15 January 2019


Today is the submission deadline for the fabulous February 28, 2019 issue of Electric Spec! Get those stories in by midnight U.S. Mountain Standard Time!

I had an epiphany recently, related to the fiction in our slush pile...
As you probably know, the Electric Spec editors are also authors. This week I've been working on a story for a contest. In the contest rules, the editors give examples of the types of dramatic first lines they desired. I gradually realized they were all 'telling.' The editors didn't use the word 'telling' but that's what they were.
Something about this seemed familiar...

Sure enough, in 2006, I wrote a blog entry Short Story First Lines with a bunch of first lines from award-winning short stories. (Not all the links therein still work. Try American Book Review's Best Novel First Lines, for example, instead.)
A lot of these first lines are 'telling,' as well. Eureka!

Therefore, I can say with confidence: consider telling in your first line!
Of course, here at Electric Spec, we think you should have some showing in your story, as well--but that's another blog post.

Good luck with your submissions!

08 January 2019

epistolary slush

The deadline for the first 2019 issue of Electric Spec is fast approaching: January 15! Get those stories in.

We are working on the slush pile for the issue. Surprisingly, I've read more than one epistolary story this year. An epistolary story is a narrative told via a series of documents. In the old days, these would be letters. Later, newspaper or magazine clippings, book excerpts and/or some combination of all of these, became popular.
Horror has a lovely epistolary tradition including Carrie by Stephen King and Dracula by Bram Stoker.

Nowadays, anything goes. The story could be told via blog posts, texts, tweets, (descriptions of) streaming videos, or whatever else you can imagine. I love the creativity behind these ideas. And many of the high-tech versions lend themselves well to science fiction.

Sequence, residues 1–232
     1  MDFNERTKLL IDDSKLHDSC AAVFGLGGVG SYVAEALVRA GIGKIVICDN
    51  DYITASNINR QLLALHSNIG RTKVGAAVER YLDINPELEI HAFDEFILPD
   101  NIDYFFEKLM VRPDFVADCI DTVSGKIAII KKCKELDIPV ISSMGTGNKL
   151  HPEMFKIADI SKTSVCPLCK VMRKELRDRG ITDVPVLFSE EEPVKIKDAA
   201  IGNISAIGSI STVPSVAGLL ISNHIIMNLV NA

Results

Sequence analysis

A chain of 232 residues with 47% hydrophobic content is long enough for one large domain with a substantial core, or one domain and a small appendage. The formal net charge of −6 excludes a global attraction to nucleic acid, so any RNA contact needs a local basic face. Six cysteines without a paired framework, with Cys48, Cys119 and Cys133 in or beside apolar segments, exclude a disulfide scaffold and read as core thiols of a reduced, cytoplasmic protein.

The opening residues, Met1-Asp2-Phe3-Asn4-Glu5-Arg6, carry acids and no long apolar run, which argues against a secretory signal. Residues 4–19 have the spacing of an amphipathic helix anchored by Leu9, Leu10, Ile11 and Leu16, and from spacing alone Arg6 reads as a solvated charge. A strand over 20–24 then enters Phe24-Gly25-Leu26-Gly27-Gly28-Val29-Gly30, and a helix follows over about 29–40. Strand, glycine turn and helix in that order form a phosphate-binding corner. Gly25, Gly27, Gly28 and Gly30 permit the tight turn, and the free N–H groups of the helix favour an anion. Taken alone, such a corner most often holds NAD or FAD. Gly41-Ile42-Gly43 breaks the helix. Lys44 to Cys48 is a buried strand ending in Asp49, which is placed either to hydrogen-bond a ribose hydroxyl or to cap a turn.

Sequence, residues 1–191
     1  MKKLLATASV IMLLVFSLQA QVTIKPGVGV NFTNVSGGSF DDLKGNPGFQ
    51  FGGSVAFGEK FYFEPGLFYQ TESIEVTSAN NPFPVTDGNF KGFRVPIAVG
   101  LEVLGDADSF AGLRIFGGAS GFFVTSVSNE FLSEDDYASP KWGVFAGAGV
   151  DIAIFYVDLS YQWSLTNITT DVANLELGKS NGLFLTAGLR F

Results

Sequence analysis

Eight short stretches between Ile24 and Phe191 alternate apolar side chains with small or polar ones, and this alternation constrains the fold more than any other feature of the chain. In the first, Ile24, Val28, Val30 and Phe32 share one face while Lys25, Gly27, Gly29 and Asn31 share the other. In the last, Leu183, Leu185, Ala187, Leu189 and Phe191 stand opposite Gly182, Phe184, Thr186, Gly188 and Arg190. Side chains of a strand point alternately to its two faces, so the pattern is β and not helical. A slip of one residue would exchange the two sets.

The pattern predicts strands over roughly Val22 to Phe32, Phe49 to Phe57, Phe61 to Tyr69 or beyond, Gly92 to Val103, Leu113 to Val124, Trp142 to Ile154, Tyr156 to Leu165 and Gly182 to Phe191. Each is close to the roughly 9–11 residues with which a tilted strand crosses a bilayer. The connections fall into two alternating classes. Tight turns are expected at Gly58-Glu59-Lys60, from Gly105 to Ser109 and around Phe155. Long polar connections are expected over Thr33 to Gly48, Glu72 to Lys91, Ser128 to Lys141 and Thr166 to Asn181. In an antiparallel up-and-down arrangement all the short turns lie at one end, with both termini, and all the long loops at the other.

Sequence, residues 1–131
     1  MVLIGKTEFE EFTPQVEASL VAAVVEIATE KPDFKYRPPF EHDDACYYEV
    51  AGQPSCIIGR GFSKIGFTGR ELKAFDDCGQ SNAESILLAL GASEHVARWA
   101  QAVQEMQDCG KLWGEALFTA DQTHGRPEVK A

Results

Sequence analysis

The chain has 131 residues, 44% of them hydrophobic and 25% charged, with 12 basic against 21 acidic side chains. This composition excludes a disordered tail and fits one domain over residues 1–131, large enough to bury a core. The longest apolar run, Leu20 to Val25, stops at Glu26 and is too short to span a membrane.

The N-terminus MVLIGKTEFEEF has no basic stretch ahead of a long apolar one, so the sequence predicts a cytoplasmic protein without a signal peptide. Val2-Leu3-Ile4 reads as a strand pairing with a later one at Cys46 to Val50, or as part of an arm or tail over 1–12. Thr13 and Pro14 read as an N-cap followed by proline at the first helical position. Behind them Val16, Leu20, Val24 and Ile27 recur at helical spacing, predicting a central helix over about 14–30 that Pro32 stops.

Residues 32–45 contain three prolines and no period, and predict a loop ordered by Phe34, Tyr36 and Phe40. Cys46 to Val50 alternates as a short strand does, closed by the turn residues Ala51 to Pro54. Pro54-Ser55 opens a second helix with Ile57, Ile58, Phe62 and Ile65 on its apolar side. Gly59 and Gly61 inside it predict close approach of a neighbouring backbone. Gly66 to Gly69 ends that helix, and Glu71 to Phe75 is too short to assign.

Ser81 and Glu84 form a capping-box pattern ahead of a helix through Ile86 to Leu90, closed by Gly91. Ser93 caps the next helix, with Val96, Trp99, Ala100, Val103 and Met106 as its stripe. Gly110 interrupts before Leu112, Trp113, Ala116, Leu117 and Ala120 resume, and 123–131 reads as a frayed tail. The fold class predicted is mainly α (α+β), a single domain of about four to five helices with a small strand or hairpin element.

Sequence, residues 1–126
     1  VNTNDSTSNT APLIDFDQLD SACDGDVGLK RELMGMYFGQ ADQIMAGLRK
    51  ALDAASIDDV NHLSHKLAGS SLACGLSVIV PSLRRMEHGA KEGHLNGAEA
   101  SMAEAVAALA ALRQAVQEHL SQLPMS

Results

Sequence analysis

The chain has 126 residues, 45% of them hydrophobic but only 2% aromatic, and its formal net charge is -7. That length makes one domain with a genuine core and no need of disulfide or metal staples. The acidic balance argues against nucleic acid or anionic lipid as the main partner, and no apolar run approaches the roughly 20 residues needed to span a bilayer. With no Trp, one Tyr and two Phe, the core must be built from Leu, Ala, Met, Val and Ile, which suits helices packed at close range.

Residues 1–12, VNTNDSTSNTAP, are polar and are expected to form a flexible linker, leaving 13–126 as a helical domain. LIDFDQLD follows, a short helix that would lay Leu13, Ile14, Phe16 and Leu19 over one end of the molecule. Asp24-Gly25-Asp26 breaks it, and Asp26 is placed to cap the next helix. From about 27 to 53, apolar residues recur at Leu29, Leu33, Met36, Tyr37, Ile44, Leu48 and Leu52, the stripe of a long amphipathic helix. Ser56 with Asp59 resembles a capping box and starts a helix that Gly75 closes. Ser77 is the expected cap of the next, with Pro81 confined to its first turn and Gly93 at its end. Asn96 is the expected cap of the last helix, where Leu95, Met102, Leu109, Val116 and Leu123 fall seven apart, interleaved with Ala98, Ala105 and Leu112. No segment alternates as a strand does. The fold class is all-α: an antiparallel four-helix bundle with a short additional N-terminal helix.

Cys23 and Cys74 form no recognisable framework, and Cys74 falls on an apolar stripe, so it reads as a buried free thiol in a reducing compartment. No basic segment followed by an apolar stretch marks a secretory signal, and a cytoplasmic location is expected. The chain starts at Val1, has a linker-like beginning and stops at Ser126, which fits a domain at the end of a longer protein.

However, I do think it's difficult to evoke an emotional response in a reader via documents. It's particularly difficult with experienced speculative fiction readers (like editors!). Furthermore, many of these epistolary stories utilize surprise endings. Sadly, it's difficult to surprise editors.

So, bottom line: please do send us your epistolary stories.
But make sure they're excellent!

01 January 2019


Welcome to the fourteenth year of Electric Spec! Wow, time flies! As the new year begins many of my writer friends are working on their New Years Resolutions including writing more, submitting more, or creating an effective writing schedule. If you are doing the same: good luck!

A deadline is looming. January 15, 2019 is the submission deadline for the fabulous February 28, 2019 issue of Electric Spec.

We've been working on the slush for the new issue and I'm struck by how crucial story beginnings are. We get hundreds of submissions for each issue, so sometimes editors only read the first page of a story. As a writer I know this isn't fair, but it's pretty common.
Authors need to capture the editor's attention quickly. This can be via a great author voice, snappy dialogue, personable characters, an intriguing plot setup, a unique world, or a host of other methods.
Market does play a part here. Our editors like and dislike certain things. The easiest way to see what we like is to read back issues of the ezine--and lucky for you, they're free!

Resolve to get those stories in! :)

And, oh yeah, Happy New Year!